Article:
Councilor Lydia Edwards is championing a zoning victory this week, noting that it is a behind the scenes change that would look to make the City a more equitable and fair place moving forward into the “new normal.”
The Fair Housing amendment has been accepted by the Boston Planning and Development Agency (BPDA) after a working session last week at the City Council, and Edwards said it is an historic first.
She said, in short, it will require developers coming into a community like Charlestown to demonstrate their project is helping the community become more integrated, more diverse, more friendly to seniors looking for homes, and a host of other requirements that will be part of any standard development review.
So, now when a developer is going through the Article 80 process for zoning and such, not only will they have to satisfy reviews for transportation and design, but also for equity and fairness.
“This is the first time we’ve required that from a developer and it is historic,” she said. “It’s taking the community review process and making developers prove they are making the City better. Zoning has done the opposite. It’s made us more segregated…Our zoning policy in the past has made us less integrated and has concentrated resources in one place while leaving others to the winds. It’s the first in the country to do that and it’s extremely important to my district.
“Monument Street is two different planets and it has everything to do with zoning and planning – or lack thereof,” she continued.
The BPDA said it will codify requirements removing barriers to housing choice, affirmatively furthering fair housing, and addressing displacement. Councilor Edwards first introduced such an amendment in April 2019. When approved by the Zoning Commission later this year, the amendment will be the first of its kind in the country.
Edwards said this new policy, upon being adopted, will apply to the Bunker Hill Housing Redevelopment, the PLAN Charlestown process and any other development coming into the Town.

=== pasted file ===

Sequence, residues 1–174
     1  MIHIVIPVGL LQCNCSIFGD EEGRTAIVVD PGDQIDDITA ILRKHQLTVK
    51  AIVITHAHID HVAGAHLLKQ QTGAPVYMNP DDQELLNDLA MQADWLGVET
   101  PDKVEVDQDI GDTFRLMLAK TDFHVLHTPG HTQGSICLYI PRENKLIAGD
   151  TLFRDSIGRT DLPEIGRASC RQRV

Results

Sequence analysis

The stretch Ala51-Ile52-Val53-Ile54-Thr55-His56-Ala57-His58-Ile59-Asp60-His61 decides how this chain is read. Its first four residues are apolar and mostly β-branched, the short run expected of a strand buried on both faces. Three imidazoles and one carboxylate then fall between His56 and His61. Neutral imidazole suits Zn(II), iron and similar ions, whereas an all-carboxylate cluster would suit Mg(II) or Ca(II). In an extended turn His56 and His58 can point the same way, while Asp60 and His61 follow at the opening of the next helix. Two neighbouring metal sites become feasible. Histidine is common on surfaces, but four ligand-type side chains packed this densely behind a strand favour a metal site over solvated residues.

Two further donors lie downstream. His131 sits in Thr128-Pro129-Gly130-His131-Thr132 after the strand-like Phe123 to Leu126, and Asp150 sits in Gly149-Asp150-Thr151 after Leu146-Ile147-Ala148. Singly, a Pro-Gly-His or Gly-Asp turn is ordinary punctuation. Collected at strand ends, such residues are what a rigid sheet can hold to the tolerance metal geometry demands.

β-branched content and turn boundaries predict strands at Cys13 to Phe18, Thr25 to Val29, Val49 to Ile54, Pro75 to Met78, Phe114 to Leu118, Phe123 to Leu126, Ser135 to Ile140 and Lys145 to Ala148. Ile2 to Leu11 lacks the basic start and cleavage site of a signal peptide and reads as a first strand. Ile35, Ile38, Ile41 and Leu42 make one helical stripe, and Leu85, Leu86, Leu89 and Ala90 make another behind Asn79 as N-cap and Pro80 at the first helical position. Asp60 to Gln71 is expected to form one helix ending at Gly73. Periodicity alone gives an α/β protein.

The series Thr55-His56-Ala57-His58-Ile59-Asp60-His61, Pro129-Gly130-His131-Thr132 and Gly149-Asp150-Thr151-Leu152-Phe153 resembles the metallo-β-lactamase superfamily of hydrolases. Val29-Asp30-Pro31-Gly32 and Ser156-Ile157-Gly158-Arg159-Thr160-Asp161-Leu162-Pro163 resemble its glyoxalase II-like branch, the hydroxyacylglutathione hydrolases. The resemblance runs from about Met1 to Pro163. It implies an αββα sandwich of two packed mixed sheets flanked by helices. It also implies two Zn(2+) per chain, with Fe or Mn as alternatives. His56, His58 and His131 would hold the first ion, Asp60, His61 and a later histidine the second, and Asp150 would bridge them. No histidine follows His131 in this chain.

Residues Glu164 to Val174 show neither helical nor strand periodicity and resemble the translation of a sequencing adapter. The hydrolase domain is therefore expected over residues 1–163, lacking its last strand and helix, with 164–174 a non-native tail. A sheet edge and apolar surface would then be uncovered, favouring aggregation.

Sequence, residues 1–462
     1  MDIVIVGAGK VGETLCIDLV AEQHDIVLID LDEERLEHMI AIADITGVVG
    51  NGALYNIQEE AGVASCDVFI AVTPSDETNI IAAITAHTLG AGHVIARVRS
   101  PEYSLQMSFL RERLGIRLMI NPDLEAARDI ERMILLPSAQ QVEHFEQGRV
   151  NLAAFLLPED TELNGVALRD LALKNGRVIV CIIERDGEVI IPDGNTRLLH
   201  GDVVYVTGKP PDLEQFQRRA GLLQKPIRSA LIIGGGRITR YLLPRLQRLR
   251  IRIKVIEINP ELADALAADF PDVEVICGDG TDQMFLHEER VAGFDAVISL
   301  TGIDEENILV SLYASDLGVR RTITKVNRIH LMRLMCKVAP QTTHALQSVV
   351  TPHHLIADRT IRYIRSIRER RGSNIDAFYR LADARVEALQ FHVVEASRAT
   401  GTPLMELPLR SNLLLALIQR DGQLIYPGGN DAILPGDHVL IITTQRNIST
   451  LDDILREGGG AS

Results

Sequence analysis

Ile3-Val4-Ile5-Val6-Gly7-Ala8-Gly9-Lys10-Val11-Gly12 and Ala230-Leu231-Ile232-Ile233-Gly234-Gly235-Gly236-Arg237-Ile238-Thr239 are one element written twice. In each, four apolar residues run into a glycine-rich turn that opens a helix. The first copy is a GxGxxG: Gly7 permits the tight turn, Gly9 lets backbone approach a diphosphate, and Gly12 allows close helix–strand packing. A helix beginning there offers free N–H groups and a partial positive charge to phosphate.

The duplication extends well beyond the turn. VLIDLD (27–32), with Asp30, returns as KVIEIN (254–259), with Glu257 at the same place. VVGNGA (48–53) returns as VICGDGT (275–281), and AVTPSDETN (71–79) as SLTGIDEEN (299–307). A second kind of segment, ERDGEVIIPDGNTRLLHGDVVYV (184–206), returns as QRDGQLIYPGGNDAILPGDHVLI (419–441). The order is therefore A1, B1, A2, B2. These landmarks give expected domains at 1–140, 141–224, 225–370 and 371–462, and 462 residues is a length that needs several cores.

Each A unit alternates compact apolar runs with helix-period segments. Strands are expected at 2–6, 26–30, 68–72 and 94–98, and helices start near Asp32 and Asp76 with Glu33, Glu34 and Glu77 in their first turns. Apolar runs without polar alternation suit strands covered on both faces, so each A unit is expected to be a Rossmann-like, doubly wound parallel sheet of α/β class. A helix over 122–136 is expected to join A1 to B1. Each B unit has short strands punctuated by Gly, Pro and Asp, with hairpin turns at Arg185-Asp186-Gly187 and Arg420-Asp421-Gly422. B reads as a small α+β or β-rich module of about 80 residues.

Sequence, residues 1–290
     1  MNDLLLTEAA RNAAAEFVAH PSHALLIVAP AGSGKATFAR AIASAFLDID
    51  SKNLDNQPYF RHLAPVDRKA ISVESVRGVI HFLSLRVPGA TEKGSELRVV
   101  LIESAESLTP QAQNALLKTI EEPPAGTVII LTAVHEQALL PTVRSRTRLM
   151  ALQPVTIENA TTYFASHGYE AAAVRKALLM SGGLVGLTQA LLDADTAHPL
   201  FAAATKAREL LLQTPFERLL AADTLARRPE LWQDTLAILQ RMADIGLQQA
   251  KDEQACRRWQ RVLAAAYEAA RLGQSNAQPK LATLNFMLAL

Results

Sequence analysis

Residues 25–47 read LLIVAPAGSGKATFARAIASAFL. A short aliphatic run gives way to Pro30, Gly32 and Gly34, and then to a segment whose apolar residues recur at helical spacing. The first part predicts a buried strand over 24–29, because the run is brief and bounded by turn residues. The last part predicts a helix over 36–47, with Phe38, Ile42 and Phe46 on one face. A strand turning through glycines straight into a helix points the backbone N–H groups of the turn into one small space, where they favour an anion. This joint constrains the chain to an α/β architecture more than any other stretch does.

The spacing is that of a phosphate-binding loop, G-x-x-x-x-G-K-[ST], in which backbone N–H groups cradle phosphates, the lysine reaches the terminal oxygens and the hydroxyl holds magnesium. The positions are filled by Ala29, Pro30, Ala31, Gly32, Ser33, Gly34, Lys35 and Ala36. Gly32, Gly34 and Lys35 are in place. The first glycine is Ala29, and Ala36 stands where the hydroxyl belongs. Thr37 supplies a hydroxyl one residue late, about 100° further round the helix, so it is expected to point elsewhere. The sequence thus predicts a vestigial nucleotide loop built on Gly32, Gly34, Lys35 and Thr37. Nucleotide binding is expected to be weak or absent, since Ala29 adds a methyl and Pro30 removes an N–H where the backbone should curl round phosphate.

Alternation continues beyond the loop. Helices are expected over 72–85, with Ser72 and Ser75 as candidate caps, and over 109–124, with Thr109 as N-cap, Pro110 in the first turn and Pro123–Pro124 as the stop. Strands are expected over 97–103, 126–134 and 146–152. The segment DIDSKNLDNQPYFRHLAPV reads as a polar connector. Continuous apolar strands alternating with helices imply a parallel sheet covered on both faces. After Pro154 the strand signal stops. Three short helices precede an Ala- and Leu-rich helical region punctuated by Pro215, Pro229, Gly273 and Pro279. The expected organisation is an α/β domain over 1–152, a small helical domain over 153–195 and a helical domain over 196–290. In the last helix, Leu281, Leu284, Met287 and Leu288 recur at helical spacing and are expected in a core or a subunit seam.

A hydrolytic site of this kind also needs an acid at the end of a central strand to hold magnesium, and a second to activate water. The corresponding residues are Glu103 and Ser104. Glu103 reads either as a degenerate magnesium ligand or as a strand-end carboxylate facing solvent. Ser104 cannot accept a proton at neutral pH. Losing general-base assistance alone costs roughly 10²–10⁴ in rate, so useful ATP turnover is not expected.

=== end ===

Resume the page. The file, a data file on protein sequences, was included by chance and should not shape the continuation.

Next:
She said one important caveat for Charlestown is that it will apply to large Planned Development Areas (PDAs) like Hood Park. When they come back in to build more within their plan, they will have to go through the Fair Housing process.
“They always come back for a change and when they come back for a change, they will have to do this analysis,” she said.
In 2017, the Affirmatively Furthering Fair Housing Community Advisory Committee was established to examine the city’s efforts to further fair housing opportunities. On June 6, 2020 the committee held a town hall during which it released its report after three years of research. One of the group’s recommendations was codifying equity into the zoning code.
“This has been a long time coming for many advocates who have fought this fight for many years,” said Lincoln Larmond, a member of the committee and a member of the Boston Tenant Coalition. “This is a big victory for the City of Boston. Inequity has previously been codified through zoning. This amendment is an opportunity for us to begin to correct that.”
Another working session will be scheduled in the coming weeks to finalize the amendment after which the City Council will vote on it and send it to the Zoning Commission for final approval.